Friday, April 01, 2005

Skipping the middle man

Last summer, a group of wacky composers, neuroscientists, sound engineers, and visualization researchers got together and put on a concert of music generated by one person's brain. The person did not compose the music. Rather, the person listened to some music ("Dry Mud" by Australian composer David Page), while his brain activity was measured via electroencephalogram (EEG).
The listener wore headphones to hear the music, and a cap with EEG sensors on it to record neural activity. The 26 sensor electrodes were arranged according to the 10-20 standard for EEG placement. The sensors are labelled by proximity over a regions of the brain (F=Front, T=Temporal, C=Central, P-Parietal, O=Occipital) followed by either a 'z' for the midline, or a number that increases as it moves further from the midline. Odd numbers (1,3,5) are on the left hemisphere and even numbers (2,4,6) on the right e.g. T4 is on the right temporal lobe, above the right ear. An additional 10 sensors were used to record heart-rate, skin conductance, eye movements, breathing and other data. The sensors were recorded as interleaved channels of signed 32 bit integers at a rate of 500 samples per second. The channels were separated into individually named files and converted to ascii format for simplicity of loading on different systems.

10 "sonifications" of the recorded data were chosen for the concert. In each case, the time element of the data was preserved, thus each piece is five minutes long. Beyond that, each sonification was based upon some scheme for converting the frequencies of the EEG to pitches or timbres, each scheme described in full detail in provided links. The actual sonifications --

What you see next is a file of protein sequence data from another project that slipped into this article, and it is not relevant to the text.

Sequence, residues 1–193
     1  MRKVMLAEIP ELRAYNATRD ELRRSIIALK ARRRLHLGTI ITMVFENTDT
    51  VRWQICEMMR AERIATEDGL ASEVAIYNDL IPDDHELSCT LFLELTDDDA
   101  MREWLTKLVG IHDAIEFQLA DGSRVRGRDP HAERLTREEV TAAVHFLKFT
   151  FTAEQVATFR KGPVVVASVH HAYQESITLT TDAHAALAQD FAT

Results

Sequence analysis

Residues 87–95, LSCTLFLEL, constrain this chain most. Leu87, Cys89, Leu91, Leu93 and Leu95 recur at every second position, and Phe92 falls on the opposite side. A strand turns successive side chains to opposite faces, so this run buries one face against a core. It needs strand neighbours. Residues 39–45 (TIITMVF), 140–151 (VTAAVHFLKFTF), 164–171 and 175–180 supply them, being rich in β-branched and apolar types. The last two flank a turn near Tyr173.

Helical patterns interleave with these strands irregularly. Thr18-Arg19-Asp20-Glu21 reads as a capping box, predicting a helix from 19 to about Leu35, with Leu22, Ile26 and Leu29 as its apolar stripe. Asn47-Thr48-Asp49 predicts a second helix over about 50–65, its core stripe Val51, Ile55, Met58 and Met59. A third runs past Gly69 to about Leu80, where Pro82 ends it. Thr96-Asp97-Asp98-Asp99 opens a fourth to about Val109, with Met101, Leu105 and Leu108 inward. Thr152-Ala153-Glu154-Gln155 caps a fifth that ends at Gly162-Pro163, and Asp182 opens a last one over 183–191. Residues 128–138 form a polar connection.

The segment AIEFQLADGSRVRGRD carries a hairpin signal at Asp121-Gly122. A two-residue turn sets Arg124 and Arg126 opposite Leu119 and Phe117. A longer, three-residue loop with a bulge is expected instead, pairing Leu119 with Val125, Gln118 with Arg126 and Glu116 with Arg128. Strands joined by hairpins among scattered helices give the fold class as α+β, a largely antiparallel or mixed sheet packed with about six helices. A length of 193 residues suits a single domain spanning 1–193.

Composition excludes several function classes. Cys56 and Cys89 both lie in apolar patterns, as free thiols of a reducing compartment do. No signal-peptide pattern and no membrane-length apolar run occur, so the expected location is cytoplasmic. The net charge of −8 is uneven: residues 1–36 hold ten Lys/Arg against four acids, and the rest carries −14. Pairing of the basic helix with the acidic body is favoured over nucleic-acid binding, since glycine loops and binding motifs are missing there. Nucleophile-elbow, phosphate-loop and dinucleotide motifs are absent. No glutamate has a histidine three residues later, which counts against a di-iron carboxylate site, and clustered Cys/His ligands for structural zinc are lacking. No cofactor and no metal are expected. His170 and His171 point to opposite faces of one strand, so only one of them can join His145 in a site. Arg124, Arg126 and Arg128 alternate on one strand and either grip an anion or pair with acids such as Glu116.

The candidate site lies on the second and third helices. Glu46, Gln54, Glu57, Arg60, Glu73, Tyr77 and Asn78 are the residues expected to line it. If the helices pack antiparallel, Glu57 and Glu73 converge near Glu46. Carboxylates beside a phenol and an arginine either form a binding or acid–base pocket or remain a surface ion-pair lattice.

"Neural Dialogues," "What Are You Really Thinking?" "Listening to the Mind Listening," "Untidy Mind," "The Other Ear," "Listen (Awakening)," "Mind Your Body," "Perceptions in C," "Polyrhythm in the Human Brain," and "EEG Sonification" (winner of the least imaginative title) -- are also provided in links.

I did not like Perception in C at all. The combination of randomness with shlocky string synths created a very bad imitation of minimalism. Untidy Mind is pretty cool, but my favorite is The Other Ear. It has a very Pendereckian feel, starting with slowly crescendoing clusters that build to a grand pause, leading next to scattered bursts that morph into a new type of clusters. This shows that sonification is just another means of composition, with the results dependent on the decisions made by the composer, not by the starting data set.

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